• Economic Affairs and Research Division Page 1 Economic Outlook Survey October 2013 Highlights Results of FICCI’s latest Economic Outlook Survey show a moderation in growth going ahead. The survey results indicate GDP growth to slow down to 5.0% in the current fiscal year. This is a downward revision from the 6.0% growth estimate that was reported in the previous round of the survey. The participating economists have mentioned that the overall economic situation in the country continues to remain weak. Expectations with regard to performance of the industrial sector have also taken a hit. The participating economists expect Index of Industrial Production to grow by 1.7% in FY14; this is half of the 3.5% growth anticipated in the previous round of the survey. Also, inflation risks have emerged once again and the participating economists expect inflation rate to be around 6.0% by end March 2014. The elevated food prices and sharp fall in the Rupee value continue to put pressure on prices. On the external front, CAD to GDP ratio is expected to witness an improvement in second half of the current fiscal. The ratio is estimated at 4.5% for Q3 FY14 and at 4.0% for the year 2013-14. Taking a long term view of the situation, it will be important to look at both export and import side of the trade equation if the CAD is to be brought under control. With regard to outlook on the exchange rate, participating economists felt that Rupee is expected to remain weak in the near future before recovering modestly. It is expected to remain in the range of 62-65 against US dollar in near term. The expectation of reduced foreign capital inflows and high current account deficit would have a bearing on the Rupee’s movement. The participating economists were also asked about their outlook on the level of non-performing assets of the banking sector. A majority of the participating economists felt that provisioning requirement of NPAs is likely to increase by end of FY14. The respondents indicated that nonperforming assets would go up across a wide array of sectors including iron & steel, power generation, automobiles and ancillaries, telecommunication, aviation, construction, real estate and cement. Further, with regard to the recent announcements on relaxing the FDI norms in various sectors, participating economists said that it is a welcome step. However, majority of the respondents felt that these announcements will have limited impact in near term. Survey Profile The present round of FICCI’s Economic Outlook Survey was conducted in the months of August / September 2013 and drew responses from leading economists primarily from the banking and financial services sector. The economists were asked to provide their forecast for key macro economic variables for the year 2013-14 as well as for Quarter 2 (Jul - Sept) and Quarter 3 (Oct – Dec) of 2013-14. In addition, FICCI sought views of the economists on some topical issues like volatility in Rupee value, economizing gold demand and impact of recent announcements on revising and raising FDI caps in sectors like retail, defence, telecom etc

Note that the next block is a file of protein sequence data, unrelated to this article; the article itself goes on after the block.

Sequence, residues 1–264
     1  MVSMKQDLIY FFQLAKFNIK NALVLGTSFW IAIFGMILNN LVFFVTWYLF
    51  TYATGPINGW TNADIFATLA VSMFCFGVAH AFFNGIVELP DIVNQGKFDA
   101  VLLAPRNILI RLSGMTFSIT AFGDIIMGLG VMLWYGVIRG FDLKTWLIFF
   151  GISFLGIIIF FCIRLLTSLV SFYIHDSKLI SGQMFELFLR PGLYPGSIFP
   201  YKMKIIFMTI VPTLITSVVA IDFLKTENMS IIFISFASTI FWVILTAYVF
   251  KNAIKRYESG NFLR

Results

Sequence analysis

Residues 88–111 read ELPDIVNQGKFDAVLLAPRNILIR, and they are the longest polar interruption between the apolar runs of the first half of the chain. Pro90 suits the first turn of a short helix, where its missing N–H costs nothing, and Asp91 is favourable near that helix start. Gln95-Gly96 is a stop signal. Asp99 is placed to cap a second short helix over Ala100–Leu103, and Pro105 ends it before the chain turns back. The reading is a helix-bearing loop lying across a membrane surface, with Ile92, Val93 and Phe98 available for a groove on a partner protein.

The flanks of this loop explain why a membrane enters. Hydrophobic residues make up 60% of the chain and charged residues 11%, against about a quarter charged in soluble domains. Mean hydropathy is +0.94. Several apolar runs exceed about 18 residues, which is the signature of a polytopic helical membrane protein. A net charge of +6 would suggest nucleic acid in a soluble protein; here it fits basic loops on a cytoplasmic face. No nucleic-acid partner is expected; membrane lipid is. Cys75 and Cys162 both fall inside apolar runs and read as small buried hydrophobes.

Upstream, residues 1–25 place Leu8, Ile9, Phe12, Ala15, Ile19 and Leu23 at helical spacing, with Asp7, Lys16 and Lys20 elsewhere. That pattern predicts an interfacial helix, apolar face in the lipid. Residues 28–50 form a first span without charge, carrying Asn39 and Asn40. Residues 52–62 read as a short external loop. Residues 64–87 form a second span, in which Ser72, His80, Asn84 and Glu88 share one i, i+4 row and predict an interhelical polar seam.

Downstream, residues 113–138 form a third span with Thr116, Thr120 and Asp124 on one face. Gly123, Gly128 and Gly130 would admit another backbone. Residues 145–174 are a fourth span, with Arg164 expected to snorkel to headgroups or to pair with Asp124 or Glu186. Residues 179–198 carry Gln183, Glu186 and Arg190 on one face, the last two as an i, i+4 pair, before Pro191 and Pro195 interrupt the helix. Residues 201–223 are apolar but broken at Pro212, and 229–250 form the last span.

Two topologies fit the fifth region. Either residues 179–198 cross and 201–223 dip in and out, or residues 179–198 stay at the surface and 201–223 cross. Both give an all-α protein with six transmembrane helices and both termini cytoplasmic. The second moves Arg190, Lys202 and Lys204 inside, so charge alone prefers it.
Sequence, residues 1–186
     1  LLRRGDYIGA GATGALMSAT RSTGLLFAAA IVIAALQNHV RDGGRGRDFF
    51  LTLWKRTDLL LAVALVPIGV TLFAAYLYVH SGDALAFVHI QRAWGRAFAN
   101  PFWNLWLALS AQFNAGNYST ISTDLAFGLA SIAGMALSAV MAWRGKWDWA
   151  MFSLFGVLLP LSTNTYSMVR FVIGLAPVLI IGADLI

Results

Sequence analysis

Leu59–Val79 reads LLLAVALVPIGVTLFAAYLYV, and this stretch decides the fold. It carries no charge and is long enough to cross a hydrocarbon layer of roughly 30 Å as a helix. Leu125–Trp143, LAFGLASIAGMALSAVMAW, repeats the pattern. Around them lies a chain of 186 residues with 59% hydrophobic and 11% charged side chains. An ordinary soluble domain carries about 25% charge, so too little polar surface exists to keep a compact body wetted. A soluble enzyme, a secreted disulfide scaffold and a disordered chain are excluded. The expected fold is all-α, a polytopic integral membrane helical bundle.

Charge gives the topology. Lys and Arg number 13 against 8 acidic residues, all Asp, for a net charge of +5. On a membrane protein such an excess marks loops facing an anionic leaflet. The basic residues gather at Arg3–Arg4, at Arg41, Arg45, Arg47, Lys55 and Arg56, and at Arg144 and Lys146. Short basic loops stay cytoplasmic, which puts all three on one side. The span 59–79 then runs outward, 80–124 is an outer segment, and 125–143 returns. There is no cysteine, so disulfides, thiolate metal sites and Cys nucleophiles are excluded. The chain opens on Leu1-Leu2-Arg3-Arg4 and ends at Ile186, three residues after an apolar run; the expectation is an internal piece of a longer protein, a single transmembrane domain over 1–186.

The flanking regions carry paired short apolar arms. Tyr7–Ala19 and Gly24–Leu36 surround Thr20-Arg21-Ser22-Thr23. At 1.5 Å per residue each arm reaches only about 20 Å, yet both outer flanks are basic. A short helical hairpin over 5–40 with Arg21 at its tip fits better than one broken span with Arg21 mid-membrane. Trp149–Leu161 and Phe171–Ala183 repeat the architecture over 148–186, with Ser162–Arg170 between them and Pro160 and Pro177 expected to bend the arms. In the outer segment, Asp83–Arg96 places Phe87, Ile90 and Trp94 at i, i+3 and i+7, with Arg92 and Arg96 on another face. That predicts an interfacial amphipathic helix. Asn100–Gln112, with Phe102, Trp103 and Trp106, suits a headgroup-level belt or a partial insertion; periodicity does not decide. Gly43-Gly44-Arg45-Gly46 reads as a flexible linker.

• Economic Affairs and Research Division Page 2 Economic Outlook Survey Survey results indicate a GDP growth of 5.0% for FY 14 which is less than 6.0% growth indicated in last survey. The estimate for GDP growth ranged from a minimum of 4.0% to a maximum of 5.6%. While agricultural growth is expected to remain good, a sharp decline in industry growth has been indicated as per the latest projections. The forecast for industry growth is pegged at 1.7% (for FY 14) in the present survey down from 4.5% (for FY 14) indicated in the previous survey. Economists expect IIP to grow at a rate of 1.7% in FY14, ranging from a minimum of (-) 1.1% to a maximum of 3.2%. The forecast for Q2 FY14 is 1.0% (minimum of 0.2% and maximum at 3.1%) and for Q3 FY14 is 1.4% (minimum at (-) 0.1% and maximum at 3.8%). *The findings of the survey represent views of leading economists and do not reflect views of FICCI. All forecasts represent median values. Survey Results – Projections for key macro-economic variables* Annual Q2 FY14 Q3 FY14 Growth Median Min Max Median Min Max Median Min Max GDP 5.0 4.0 5.6 4.5 3.7 5.3 5.0 3.9 5.4 Agriculture & Allied 3.3 2.2 5.0 3.2 1.5 5.0 3.6 1.6 7.4 Industry 1.7 -1.0 3.5 1.5 -2.0 3.1 1.7 -1.9 3.3 Services 6.8 5.5 9.6 6.5 5.4 9.3 6.4 5.4 9.6 1.7 1.0 1.4 2013-14 Q2 FY14 Q3 FY14 Index of Industrial Production Growth Forecast (in %) 5.2 5.3 5.2 2013-14 Q2 FY14 Q3 FY14 Fiscal Defict as% of GDPForecast